A Virginia Tech biologist proposes to use a physics strategy called resonant activation to nudge dormant bacteria cells into a stage where they will be sensitive to antibiotics.
In medicine, resonance means the sound the doctor hears when he or she thumps your chest. In physics, resonance is a periodic force or an oscillation whose frequency is close to that of a natural system's frequency. Sound waves are an example of a natural system that can be altered with resonant activation.
Jianhua Xing, an assistant professor of biological sciences at Virginia Tech who has studied more than a smattering of physics, was considering the problem of antibiotic resistance when he remembered a physics paper on resonant activation that he had read as a student.
One strategy bacterial colonies use to survive antibiotics is to create a few persister cells. Because these cells are dormant or grow very slowly, they can dodge an antibiotic attack that requires active cell wall growth to be effective. Persister cells convert to normally growing cells at a random and slow rate so that there are always a few that remain dormant until the antibiotics are gone. Extending antibiotic treatment can be a dangerous strategy because of severe side effects, such as liver damage.
Persister cells have multiple steady states, with fluctuations in the numbers of proteins as they transition to a normal cell. Xing viewed this fluctuation during synthesis and degradation of proteins as a potential target for resonant activation. Instead of a sound wave or electronic signal, the perturbing signal would be repetitive antibiotic treatment.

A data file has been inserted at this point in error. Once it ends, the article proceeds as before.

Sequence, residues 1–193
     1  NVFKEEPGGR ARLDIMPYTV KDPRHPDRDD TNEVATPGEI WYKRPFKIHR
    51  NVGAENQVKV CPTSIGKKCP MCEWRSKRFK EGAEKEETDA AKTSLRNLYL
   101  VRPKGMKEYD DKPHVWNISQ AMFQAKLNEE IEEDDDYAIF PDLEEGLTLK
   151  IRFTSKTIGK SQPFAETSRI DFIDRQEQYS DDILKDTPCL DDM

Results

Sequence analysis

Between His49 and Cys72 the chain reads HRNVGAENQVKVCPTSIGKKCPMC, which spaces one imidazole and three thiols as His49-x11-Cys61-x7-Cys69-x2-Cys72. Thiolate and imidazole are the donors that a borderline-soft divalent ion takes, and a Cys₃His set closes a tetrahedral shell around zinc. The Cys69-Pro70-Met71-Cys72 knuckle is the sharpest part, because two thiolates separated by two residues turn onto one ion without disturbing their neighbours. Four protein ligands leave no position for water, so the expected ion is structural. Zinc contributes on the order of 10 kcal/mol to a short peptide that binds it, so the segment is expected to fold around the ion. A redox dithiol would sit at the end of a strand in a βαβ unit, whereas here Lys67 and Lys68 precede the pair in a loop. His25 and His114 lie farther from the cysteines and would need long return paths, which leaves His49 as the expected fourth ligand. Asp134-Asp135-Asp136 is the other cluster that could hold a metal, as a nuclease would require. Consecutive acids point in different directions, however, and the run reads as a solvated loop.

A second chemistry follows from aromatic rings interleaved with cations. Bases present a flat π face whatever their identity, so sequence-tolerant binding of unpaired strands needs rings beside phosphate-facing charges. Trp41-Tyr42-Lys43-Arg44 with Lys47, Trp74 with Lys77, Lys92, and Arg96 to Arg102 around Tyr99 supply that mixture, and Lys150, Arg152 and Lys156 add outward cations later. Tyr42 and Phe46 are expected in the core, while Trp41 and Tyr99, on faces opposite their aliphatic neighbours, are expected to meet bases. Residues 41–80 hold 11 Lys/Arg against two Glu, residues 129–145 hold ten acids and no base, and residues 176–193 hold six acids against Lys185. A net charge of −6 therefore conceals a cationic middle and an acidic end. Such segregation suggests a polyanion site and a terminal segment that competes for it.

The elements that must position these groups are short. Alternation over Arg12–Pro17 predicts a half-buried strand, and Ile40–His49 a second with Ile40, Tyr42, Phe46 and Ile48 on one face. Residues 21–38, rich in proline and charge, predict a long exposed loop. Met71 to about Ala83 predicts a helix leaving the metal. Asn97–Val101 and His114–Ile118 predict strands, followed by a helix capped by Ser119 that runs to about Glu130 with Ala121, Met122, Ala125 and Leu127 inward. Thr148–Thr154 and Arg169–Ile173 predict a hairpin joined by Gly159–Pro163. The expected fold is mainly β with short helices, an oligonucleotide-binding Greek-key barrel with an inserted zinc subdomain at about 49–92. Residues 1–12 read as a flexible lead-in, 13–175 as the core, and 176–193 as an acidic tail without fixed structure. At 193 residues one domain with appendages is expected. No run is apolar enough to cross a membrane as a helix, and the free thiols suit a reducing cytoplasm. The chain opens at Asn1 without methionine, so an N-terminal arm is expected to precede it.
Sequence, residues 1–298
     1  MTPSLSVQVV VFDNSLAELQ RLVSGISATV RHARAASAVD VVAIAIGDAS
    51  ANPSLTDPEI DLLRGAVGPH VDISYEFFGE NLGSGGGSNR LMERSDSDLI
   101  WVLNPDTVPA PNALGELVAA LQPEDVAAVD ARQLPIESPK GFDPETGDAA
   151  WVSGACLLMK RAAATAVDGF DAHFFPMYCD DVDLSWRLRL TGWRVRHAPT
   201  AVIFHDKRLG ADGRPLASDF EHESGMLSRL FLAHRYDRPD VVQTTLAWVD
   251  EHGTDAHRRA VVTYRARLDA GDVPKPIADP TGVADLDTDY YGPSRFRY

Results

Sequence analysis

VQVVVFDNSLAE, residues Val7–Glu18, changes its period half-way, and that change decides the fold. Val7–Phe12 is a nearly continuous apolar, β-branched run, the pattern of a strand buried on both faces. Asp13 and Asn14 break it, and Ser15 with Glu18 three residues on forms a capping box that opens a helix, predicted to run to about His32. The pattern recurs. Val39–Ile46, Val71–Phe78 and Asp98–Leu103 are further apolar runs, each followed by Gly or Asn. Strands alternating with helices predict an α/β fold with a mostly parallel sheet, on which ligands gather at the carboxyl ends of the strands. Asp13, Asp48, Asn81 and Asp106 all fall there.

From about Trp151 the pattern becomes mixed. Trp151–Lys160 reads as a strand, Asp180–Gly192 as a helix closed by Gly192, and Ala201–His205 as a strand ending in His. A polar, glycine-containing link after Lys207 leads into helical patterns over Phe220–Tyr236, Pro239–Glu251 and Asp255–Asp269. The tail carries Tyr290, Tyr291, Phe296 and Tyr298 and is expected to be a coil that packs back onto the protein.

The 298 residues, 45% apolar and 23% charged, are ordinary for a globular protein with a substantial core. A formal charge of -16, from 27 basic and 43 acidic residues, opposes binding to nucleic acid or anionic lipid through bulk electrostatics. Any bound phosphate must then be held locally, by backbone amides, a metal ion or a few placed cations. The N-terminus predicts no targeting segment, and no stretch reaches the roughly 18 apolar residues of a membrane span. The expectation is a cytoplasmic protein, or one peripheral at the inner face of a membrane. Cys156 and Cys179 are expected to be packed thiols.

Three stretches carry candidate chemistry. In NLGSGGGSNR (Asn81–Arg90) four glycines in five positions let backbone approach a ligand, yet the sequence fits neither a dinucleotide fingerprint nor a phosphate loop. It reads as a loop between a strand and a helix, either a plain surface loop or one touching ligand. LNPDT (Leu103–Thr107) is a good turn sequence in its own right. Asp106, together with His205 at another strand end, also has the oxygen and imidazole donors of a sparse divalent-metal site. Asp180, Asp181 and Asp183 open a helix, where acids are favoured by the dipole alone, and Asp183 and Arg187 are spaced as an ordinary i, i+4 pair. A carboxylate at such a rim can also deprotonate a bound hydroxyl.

Xing's student, Yan Fu, a second year graduate student in the Interdisciplinary Program of Genetics, Bioinformatics, and Computational Biology at Virginia Tech; and another student, Meng Zhu of the School of Computing at Clemson University, created a computer simulation to compare different strategies of periodic antibiotics cued to protein fluctuations in persister cells. Their finding that resonant activation - fluctuating antibiotic treatments - accelerates bacteria colony sterilization was published in the journal Physical Biology in March 2010 ("Resonant activation: a strategy against bacterial persistence," Fu, Zhu, and Xin.).
Xing acknowledges that that the computer simulation simplified the problem by neglecting further complication due to mutation, but said he believes the concept has applications for cancer treatment. "On and off dosing with chemicals could be as effective as or more effective than long-term dosage. You need to stop and let the body recover, then resume," he said.
He is particularly interested in conducting experiments to see if resonant activation could increase the efficiency of inducing a normal (somatic) cell into an undifferentiated or stem cell.
"Bacteria mutate quickly, but there could be applications for cancer or stem cell conversion, where mutation is slower or not an issue," Xing said.
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